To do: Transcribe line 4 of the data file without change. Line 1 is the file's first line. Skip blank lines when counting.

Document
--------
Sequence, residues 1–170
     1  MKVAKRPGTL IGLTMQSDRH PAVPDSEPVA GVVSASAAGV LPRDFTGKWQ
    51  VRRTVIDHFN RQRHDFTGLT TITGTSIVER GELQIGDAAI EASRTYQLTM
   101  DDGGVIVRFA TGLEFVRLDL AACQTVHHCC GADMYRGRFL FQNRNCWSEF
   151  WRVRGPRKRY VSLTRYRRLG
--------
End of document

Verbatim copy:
   101  DDGGVIVRFA TGLEFVRLDL AACQTVHHCC GADMYRGRFL FQNRNCWSEF